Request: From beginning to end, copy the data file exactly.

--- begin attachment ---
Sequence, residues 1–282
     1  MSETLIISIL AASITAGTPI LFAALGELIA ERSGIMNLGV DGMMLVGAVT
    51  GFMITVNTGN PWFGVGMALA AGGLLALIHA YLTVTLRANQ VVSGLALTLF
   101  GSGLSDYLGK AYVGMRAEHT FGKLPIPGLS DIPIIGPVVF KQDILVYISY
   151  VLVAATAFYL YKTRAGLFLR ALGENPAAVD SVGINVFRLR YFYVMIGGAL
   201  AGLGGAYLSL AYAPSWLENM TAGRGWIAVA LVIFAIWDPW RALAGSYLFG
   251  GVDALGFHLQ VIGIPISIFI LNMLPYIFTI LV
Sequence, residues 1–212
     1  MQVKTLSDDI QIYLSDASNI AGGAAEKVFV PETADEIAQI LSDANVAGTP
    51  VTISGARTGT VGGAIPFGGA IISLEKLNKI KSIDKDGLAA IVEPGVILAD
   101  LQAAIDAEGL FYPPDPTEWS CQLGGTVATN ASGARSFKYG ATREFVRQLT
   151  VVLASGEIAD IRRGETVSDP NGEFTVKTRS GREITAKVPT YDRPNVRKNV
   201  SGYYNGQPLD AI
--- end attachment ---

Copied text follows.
Sequence, residues 1–282
     1  MSETLIISIL AASITAGTPI LFAALGELIA ERSGIMNLGV DGMMLVGAVT
    51  GFMITVNTGN PWFGVGMALA AGGLLALIHA YLTVTLRANQ VVSGLALTLF
   101  GSGLSDYLGK AYVGMRAEHT FGKLPIPGLS DIPIIGPVVF KQDILVYISY
   151  VLVAATAFYL YKTRAGLFLR ALGENPAAVD SVGINVFRLR YFYVMIGGAL
   201  AGLGGAYLSL AYAPSWLENM TAGRGWIAVA LVIFAIWDPW RALAGSYLFG
   251  GVDALGFHLQ VIGIPISIFI LNMLPYIFTI LV
Sequence, residues 1–212
     1  MQVKTLSDDI QIYLSDASNI AGGAAEKVFV PETADEIAQI LSDANVAGTP
    51  VTISGARTGT VGGAIPFGGA IISLEKLNKI KSIDKDGLAA IVEPGVILAD
   101  LQAAIDAEGL FYPPDPTEWS CQLGGTVATN ASGARSFKYG ATREFVRQLT
   151  VVLASGEIAD IRRGETVSDP NGEFTVKTRS GREITAKVPT YDRPNVRKNV
   201  SGYYNGQPLD AI